The coronavirus crisis is leaving deep marks on the international flows of goods and value chains. Reducing globalization is problematic since free trade and the global division of labor have increased prosperity in many countries for nearly three decades now, according to calculations conducted by Prognos AG for the new edition of the Bertelsmann Stiftung’s Globalization Report. This report measures the degree of international integration of 45 industrialized and emerging countries, as well as the resulting direct welfare gains. All of the analyzed countries recorded increases in real gross domestic product (GDP) per capita that can be attributed to globalization between 1990 and 2018.
In a country comparison, it stands out that both developed and emerging economies can claim to be winners of globalization. In absolute terms, developed nations have reaped the biggest gains. At around 1,790 euros, the largest average income gains per capita and year in the period from 1990 to 2018 were recorded in Japan. The subsequent ranks are held by Ireland (around 1,610 euros), Switzerland (around 1,580 euros), Finland (around 1,340 euros), and Israel (around 1,280 euros). In relative terms, emerging econmies and young market economies have recorded the the biggest gains: Globalization-induced income gains recorded between 1990 and 2018 amount to 618 percent of real gross domestic product per person in 1990. South Korea (373 percent), Poland (366 percent), Hungary (352 percent) and Chile (339 percent) make up the remainder of the TOP5.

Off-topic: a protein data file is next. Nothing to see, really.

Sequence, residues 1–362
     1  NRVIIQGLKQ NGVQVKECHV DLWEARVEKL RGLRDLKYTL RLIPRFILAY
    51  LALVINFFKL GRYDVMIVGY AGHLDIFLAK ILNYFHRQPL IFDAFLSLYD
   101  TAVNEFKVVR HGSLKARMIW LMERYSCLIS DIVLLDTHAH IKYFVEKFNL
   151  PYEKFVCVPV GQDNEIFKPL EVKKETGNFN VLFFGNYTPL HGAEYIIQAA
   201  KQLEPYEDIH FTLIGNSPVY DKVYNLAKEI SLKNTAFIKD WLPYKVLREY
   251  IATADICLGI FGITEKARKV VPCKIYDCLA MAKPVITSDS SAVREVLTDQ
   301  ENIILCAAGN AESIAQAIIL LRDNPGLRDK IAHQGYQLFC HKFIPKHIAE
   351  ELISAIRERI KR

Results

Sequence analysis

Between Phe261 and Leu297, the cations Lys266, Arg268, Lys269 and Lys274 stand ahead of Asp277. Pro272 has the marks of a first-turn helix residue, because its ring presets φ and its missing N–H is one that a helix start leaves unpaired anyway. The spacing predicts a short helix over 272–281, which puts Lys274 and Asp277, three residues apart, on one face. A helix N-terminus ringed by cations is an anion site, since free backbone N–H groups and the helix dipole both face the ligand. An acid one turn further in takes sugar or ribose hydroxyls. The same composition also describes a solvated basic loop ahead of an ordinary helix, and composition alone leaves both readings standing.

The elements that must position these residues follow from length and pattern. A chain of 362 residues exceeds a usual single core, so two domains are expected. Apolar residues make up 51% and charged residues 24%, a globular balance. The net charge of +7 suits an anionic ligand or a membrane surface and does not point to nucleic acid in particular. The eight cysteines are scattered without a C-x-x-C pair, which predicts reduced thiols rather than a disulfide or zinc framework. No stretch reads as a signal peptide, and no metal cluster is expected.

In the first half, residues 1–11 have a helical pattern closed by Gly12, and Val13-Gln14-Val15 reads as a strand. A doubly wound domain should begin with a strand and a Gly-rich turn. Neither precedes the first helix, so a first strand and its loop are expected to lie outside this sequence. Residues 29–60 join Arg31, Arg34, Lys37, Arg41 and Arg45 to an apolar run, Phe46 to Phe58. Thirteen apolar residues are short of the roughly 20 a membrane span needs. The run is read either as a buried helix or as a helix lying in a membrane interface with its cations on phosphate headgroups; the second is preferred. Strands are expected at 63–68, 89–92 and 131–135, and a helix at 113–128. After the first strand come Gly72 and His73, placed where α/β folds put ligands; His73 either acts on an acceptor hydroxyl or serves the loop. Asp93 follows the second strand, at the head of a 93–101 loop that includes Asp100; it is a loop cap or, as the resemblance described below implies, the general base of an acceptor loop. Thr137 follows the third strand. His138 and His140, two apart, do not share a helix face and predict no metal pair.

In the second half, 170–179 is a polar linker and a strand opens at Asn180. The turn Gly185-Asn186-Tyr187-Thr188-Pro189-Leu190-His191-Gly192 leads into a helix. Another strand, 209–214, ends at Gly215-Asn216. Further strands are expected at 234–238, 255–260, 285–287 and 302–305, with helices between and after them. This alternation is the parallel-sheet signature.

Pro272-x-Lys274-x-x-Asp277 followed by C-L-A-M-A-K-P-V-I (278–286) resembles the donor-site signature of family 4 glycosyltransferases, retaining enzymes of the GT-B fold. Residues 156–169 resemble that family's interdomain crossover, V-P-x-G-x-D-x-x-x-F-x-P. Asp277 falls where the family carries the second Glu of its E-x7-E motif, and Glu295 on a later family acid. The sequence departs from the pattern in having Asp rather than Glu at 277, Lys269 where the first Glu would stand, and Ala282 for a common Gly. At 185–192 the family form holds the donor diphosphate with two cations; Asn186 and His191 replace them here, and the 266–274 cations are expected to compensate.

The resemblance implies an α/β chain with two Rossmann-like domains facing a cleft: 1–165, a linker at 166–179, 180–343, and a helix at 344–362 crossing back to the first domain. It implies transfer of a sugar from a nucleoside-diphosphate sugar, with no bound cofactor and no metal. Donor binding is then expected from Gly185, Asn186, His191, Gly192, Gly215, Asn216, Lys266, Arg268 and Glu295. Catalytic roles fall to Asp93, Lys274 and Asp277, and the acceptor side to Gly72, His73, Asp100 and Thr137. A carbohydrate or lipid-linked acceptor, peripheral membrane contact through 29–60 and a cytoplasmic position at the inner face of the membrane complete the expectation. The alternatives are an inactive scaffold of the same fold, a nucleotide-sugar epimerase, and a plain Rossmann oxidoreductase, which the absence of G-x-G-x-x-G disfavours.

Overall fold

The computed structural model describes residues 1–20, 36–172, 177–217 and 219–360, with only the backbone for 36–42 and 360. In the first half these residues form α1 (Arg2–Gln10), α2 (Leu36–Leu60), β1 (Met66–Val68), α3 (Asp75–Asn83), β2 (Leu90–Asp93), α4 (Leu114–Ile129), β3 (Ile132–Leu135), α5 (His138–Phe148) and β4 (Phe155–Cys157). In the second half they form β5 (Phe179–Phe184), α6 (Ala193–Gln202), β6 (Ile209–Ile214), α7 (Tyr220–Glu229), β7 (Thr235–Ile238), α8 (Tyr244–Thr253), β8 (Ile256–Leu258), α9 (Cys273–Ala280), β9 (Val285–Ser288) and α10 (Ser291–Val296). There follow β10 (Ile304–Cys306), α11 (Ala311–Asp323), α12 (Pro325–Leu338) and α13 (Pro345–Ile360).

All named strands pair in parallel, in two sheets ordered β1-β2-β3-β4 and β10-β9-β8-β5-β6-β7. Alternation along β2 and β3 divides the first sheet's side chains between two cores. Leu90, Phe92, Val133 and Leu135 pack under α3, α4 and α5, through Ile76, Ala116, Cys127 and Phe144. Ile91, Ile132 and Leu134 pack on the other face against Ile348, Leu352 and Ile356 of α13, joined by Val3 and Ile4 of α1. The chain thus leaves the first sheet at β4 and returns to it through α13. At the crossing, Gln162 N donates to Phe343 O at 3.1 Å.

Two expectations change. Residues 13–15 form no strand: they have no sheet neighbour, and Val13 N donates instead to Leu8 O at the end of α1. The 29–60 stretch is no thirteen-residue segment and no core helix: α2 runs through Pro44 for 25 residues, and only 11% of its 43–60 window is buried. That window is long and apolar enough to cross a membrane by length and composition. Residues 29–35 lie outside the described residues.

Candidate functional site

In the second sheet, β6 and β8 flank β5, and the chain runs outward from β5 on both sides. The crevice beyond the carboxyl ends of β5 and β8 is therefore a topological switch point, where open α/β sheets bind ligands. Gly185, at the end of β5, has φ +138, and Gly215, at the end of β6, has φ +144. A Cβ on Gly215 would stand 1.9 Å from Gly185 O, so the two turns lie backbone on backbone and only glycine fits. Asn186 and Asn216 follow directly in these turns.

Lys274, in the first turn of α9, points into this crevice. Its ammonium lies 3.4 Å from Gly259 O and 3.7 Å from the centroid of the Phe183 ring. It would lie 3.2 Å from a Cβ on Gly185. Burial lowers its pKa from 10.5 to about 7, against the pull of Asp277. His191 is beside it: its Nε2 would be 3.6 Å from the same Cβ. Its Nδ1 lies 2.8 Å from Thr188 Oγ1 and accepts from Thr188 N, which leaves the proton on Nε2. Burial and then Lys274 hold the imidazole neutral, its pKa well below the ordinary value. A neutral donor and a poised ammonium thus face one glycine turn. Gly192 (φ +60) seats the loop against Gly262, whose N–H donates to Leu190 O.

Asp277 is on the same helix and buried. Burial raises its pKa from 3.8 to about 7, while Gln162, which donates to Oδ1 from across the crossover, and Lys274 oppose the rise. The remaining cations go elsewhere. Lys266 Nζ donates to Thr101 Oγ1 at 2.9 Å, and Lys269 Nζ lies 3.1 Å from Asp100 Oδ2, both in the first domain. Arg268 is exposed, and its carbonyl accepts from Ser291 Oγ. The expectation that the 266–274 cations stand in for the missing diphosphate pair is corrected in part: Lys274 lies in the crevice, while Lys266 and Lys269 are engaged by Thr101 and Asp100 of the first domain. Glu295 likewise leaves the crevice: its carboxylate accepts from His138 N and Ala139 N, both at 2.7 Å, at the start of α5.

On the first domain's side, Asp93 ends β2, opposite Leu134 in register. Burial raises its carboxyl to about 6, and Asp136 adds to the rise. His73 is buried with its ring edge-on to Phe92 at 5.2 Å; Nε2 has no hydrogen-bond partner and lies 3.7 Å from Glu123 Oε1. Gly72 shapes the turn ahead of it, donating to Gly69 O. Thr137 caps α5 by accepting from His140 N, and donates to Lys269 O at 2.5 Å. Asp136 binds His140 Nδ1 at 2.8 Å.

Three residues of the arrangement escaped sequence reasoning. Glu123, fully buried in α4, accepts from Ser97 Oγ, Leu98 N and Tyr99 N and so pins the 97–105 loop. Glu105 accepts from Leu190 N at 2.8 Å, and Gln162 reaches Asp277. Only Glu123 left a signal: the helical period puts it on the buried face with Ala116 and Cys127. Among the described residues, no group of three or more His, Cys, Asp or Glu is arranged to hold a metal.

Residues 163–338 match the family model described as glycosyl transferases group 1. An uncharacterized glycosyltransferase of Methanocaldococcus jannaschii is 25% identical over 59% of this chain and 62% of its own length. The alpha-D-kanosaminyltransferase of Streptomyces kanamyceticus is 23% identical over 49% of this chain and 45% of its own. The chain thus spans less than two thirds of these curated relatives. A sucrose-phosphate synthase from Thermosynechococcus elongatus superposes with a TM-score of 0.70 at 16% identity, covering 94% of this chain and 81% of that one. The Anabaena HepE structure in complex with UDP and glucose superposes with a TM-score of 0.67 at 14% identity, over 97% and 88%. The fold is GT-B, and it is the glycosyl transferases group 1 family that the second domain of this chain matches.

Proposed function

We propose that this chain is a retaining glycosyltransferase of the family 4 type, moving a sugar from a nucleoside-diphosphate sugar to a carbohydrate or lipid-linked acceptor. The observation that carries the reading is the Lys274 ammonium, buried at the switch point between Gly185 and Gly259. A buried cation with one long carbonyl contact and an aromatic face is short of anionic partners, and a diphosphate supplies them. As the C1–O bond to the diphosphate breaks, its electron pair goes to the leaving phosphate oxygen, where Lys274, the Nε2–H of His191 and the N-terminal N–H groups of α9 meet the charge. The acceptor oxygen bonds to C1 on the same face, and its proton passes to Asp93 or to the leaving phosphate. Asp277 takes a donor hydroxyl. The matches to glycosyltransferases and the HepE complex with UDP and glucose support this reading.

The lack of robust data as a basis for calculation of the globalization gains for the years of 2019 and 2020 makes it difficult to estimate the impact of the global economic collapse from the coronavirus pandemic. To establish a point of reference nevertheless, Prognos AG has used OECD forecasts for future economic development for Germany, along with a reduction of the value from the Globalization Index of 2018, as a basis since the pandemic interferes with supply chains and massively harms tourism. Based on the direct gains from globalization in 2018, the losses from a reduction of globalization would amount to 100 to 500 euros per citizen in Germany this year. In the most severe scenario, this may correspond to one third of the globalization gains total of 1,400 euros.